Two sought in teen's death

Young men released after being questioned about school shooting

January 19, 2001|By Del Quentin Wilber and Erika Niedowski | Del Quentin Wilber and Erika Niedowski,SUN STAFF

Baltimore police continued investigating yesterday the fatal shooting of a 17-year-old student outside Lake Clifton-Eastern High School and announced they were seeking two unknown assailants in the Wednesday morning killing.

Police released two young men they had held for questioning and said it is unlikely they are responsible for the shooting.

The two males, Jerome Butler, 17, and his cousin, Arthur Lee Allen, 20, were released about 2 a.m. yesterday, 17 hours after police stopped their car near the shooting scene, took them into custody and had them tested for gunfire residue.

"I don't believe they are suspects," said homicide Det. Darren Sanders. "I don't know what we're looking for. ... There were a lot of people outside. Even if they didn't see the shooting, they saw these guys running away. Right now, we're looking for witnesses."

Juan Matthews of the 5100 block of Conant Way was shot three times outside the Northeast Baltimore school around 8:45 a.m. Wednesday, Sanders said.

Two men approached him, and one started firing a handgun, Sanders said. The gunshots caused dozens of students to duck for cover and scurry away as the two men fled the scene, Sanders said. Matthews died about five hours later at Johns Hopkins Hospital, becoming the first student fatally wounded on school grounds in years, officials said.

In new details released on the killing yesterday, police said that about 10 minutes after the shooting, a hall monitor saw two people who were not students leave the school and drive away in a red Chevrolet Cavalier, Sanders said. The hall monitor alerted authorities, Sanders said.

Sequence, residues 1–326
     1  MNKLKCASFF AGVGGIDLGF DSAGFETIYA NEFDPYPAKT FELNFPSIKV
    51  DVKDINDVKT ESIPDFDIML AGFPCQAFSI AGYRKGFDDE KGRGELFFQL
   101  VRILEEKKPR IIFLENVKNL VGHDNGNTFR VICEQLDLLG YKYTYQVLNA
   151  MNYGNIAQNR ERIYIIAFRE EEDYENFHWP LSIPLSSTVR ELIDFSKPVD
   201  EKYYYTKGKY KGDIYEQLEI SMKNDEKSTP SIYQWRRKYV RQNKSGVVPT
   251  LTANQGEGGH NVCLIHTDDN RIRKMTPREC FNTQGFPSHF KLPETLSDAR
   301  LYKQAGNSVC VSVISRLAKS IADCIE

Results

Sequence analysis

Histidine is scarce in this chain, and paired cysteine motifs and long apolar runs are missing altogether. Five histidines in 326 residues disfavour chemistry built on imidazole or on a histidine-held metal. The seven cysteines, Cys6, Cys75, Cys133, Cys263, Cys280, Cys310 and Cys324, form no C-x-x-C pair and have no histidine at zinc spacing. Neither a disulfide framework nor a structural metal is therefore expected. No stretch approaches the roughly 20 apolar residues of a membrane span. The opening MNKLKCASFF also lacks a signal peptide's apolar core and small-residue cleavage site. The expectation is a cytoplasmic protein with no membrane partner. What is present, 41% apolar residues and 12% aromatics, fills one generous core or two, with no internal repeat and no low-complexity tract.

An hour later, city police stopped the car a few blocks from the school, Sanders said.

Rhonda Jackson, Butler's mother and Allen's aunt, said the two young men were innocent. Jackson, of the 1500 block of Broadway, said the two were at the school to drop off her daughter, Sherrie, a freshman.

Butler and Allen are former Lake Clifton students, Jackson said. Sherrie, 15, said the young men dropped her off moments after the shooting and all three went inside the school. She said she did not know a shooting had happened until later that day.

A few minutes after entering the school, the young men left and drove away, said the girl, who added that she was picked up by police around 6 p.m. and questioned.

Sherrie and her mother said they had no idea who shot Matthews, and police said the shooting might have resulted from mistaken identity.

"We're exploring the possibility that it might be misidentification," said Lt. Errol Etting.

Some students yesterday said the shooting might have resulted from problems Juan Matthews had with people in the Freedom Way North neighborhood off Erdman Avenue, near Archbishop Curley High School.

Police would not comment on that possibility last night but said they were pursuing dozens of leads. School officials stood by their earlier comments that the shooting apparently stemmed from a community dispute that "seeped" onto school property.

Standing outside Lake Clifton yesterday, Matthews' father, Johnny, pleaded for witnesses to call police about the slaying. "If anybody knows anything, please, for my sake and his mother's sake, get in touch with the police," said Matthews, 42.

In the school yesterday, teachers started a collection to help the family with funeral expenses. Social workers, psychologists and counselors offered students emotional support.

Russell K. Williams, a Lake Clifton administrator, described Matthews as well liked by students.

"Juan was a nice kid, funny, [he] would make the class laugh," he said. "He was a comedian, really. ... Some kids can kind of brighten up an area. He knew how to work the crowd."

Baltimore police request that anyone with information about the killing call 410-396-2100.

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